How Washington can solve the ‘Prisoner’s Dilemma’

Dean Richard Franza’s column appeared in the Sunday, January 17 edition of the Augusta Chronicle. The post can be viewed here.

As an undergraduate applied mathematics major, I was introduced to many mathematical modeling methods. One such method I learned is called “game theory.” Game theory uses mathematical models to analyze interactions between “rational decision-makers.” 

When one is introduced to game theory, it is typically through an example called the Prisoner’s Dilemma. The Prisoner’s Dilemma shows why two people (or organizations) might not cooperate, even if it appears that it would be in their best interests to do so. The Prisoner’s Dilemma was presented as follows by Canadian mathematician Albert W. Tucker:

Two criminals are arrested and jailed. Each is placed in solitary confinement with no means of communicating with each other. Prosecutors lack sufficient evidence to convict the pair on the principal charge, but they have enough to convict both on lesser charges. Simultaneously, the prosecutors offer each prisoner a deal. Each prisoner is given the opportunity either to betray the other by testifying that the other committed the crime, or to cooperate with the other by remaining silent.

The possible outcomes are as follows:

  • If both prisoners each betray the other, each of them serves two years in prison.
  • If either of the prisoners betrays the other while the other stays silent, the betraying prisoner will be set free while the silent prisoner serves three years in prison.
  • If both prisoners remain silent, both of them will serve only one year in prison.

The paradox of the prisoner’s dilemma is that both criminals can minimize their combined jail time only if they cooperate and remain silent (two years total). However, the incentives that each face separately (set free) will motivate them to betray their partners, typically resulting in the maximum total jail time (four years total) between the two of them.

As our two political parties in Washington become more polarized, the Prisoner’s Dilemma has become more applicable to how they deal with one another.

This has been highlighted during the recent attempts at COVID relief, but has been present in a number of areas that affect the economy of the country, including issues such as taxes and health care. While each political party is actually acting rationally (in its own best interest), such action is resulting in inaction – the worst possible result – not only for the parties, but, more importantly, for the country. Allow me to elaborate on the problem and how a mindset change in Washington might lead to solutions.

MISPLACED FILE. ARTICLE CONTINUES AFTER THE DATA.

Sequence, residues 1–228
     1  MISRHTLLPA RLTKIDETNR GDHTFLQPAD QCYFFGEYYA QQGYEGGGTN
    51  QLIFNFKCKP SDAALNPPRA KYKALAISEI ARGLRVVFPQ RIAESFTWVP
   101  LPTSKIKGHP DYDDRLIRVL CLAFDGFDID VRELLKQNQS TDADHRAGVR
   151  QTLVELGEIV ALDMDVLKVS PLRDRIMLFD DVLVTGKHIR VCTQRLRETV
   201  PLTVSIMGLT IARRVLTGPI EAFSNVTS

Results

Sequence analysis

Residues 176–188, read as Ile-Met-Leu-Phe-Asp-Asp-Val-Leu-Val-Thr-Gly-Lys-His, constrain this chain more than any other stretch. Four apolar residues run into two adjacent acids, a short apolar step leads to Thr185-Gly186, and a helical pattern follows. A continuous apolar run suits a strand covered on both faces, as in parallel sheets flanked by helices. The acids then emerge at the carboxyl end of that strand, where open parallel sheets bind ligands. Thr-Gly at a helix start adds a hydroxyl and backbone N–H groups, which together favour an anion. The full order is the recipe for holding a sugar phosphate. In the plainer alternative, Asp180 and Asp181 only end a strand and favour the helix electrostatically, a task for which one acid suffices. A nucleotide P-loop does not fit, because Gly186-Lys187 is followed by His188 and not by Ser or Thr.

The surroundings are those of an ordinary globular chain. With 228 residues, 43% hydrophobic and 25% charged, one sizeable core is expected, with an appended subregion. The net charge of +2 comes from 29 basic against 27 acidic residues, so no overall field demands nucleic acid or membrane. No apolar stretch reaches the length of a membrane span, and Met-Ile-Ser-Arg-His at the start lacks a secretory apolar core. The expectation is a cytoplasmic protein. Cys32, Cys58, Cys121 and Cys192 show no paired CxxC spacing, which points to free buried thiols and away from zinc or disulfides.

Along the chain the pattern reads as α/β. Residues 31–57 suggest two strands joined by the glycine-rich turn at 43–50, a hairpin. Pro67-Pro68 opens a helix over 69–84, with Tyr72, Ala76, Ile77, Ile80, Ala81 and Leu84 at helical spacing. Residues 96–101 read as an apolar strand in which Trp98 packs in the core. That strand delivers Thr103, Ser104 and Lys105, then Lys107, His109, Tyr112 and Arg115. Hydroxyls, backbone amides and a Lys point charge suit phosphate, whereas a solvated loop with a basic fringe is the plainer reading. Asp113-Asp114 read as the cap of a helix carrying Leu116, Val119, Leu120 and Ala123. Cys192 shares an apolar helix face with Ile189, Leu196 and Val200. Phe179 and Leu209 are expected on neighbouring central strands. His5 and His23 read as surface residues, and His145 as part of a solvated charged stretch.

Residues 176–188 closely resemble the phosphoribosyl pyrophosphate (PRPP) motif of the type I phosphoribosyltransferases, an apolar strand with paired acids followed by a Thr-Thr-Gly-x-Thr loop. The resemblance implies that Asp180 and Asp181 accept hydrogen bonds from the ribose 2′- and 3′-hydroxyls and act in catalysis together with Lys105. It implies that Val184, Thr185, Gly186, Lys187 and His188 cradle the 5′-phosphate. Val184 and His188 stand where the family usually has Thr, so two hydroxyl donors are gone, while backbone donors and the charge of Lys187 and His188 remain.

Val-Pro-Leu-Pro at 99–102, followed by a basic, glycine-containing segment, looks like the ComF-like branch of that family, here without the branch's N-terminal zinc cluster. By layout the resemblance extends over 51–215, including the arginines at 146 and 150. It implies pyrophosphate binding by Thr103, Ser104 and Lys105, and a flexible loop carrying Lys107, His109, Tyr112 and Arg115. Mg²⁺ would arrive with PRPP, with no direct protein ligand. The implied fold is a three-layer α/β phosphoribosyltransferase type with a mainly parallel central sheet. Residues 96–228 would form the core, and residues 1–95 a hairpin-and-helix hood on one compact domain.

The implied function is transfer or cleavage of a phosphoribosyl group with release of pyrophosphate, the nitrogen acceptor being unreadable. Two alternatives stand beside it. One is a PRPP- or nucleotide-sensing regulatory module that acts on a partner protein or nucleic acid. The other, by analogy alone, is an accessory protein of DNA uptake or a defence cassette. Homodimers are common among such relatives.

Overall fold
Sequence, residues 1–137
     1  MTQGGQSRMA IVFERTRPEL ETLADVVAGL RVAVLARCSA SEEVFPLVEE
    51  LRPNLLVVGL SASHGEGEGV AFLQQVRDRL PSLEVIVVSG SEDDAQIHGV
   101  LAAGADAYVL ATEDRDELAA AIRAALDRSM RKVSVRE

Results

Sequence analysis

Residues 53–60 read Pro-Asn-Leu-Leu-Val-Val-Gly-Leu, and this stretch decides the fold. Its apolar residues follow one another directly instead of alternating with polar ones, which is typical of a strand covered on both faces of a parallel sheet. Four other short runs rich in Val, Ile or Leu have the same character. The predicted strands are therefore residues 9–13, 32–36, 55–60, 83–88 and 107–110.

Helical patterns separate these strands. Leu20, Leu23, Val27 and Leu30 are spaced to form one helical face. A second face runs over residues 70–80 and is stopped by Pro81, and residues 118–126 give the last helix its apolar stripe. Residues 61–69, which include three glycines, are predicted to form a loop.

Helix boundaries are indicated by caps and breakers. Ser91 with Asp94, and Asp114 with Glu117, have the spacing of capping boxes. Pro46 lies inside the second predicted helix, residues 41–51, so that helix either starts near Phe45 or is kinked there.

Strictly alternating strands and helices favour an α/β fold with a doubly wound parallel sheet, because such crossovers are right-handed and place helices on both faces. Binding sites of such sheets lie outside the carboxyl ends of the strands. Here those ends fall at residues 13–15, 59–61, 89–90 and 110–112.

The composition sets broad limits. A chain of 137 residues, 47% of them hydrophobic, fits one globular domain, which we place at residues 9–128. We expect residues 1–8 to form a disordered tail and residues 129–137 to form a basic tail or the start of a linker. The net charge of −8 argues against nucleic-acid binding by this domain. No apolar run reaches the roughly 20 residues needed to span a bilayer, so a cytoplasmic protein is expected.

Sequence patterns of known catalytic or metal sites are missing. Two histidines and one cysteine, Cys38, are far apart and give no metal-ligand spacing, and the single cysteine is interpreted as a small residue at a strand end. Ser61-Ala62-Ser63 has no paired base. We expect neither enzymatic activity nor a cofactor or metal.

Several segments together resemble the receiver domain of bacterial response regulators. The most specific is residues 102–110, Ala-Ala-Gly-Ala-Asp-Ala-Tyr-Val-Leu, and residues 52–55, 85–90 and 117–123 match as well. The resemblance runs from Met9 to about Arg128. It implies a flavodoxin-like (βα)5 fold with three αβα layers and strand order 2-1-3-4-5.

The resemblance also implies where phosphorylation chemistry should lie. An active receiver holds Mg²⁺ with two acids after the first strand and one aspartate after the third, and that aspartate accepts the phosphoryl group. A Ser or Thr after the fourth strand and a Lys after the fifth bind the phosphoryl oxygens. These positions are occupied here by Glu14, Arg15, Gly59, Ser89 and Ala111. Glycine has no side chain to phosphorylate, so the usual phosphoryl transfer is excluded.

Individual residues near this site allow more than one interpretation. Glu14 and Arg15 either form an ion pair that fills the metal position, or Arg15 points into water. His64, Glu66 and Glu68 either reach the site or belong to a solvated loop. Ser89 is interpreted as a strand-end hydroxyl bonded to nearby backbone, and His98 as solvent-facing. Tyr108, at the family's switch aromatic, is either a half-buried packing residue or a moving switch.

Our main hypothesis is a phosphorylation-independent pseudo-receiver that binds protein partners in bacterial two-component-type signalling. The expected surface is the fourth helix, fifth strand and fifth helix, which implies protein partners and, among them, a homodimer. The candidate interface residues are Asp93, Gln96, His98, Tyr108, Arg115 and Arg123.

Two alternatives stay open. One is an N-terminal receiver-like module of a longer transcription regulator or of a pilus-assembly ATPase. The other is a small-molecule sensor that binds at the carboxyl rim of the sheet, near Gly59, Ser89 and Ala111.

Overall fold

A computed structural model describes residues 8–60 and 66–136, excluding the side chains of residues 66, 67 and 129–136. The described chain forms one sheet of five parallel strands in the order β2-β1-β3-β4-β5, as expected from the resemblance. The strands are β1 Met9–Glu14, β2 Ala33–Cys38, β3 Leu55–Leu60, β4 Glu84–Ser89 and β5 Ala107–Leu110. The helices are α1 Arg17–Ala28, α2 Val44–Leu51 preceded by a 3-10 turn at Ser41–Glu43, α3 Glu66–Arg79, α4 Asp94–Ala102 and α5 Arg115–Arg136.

Clearly, the two political parties think very differently on numerous issues, and as time has gone on, the parties have shifted further and further from one another. Each party is incentivized to dig in its heels and not negotiate with the other side because if they do, they are afraid of losing their fundraising capability and losing voters. They believe that adhering tightly to their ideologies will lead to more money and more votes. 

As both sides become entrenched, everyone loses, because neither side gets what it wants. Most of all, the people of the country lose, as we saw in the most recent COVID relief negotiations. While a bill was eventually negotiated, neither side would move much until the end, as economic crisis faced many individuals. Therefore, such a bill took way longer to pass than it should have. This lack of cooperation has hurt not only the country as a whole, but also both parties.

While each party believes it is right and will win the “war of ideas,” that was proven wrong in the most recent election. For the Democratic Party expecting a “blue wave” in November, it never materialized. The Republicans actually gained seats in the House and the Democrats hold a slim majority – hardly a mandate. On the other hand, the Republicans lost both the White House and its majority in the Senate. So, clearly, there were no real winners. Both parties are strategizing over what went wrong, and the biggest losers have been the American people.

The solution to our problems in Washington can be found in the Prisoner’s Dilemma. In the Prisoner’s Dilemma, when the two parties cooperate, the best global solution prevails. I think it is time that our politicians prioritize mutually beneficial collaboration over their need for fundraising and perception of ideological adherence. We have a number of economic issues on our doorstep that need to be addressed, and collaboration among our political parties is the surest way to move from inaction to solution. 

Our politicians need to work together to find common ground on a number of issues. Further inaction in these areas will lead to further debilitation of our economy. Such issues include:

  • Economic recovery from the COVID pandemic
  • Job growth
  • The rising cost of health care
  • Infrastructure investment
  • Trade

As the new year begins, I am hopeful that we will recover from the pandemic and things will get better. However, I am less hopeful that our political parties will find common ground. Maybe some enlightened politicians will study the Prisoner’s Dilemma and realize that cooperation among our parties will lead to mutually beneficial success.

Written by
Dean Richard Franza

Dr. Richard M. Franza is Dean of the James M. Hull College of Business and Professor of Management. Dr. Franza's primary areas of expertise are Operations Management (OM), Management of Technology (MOT), and Project Management.

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Written by Dean Richard Franza

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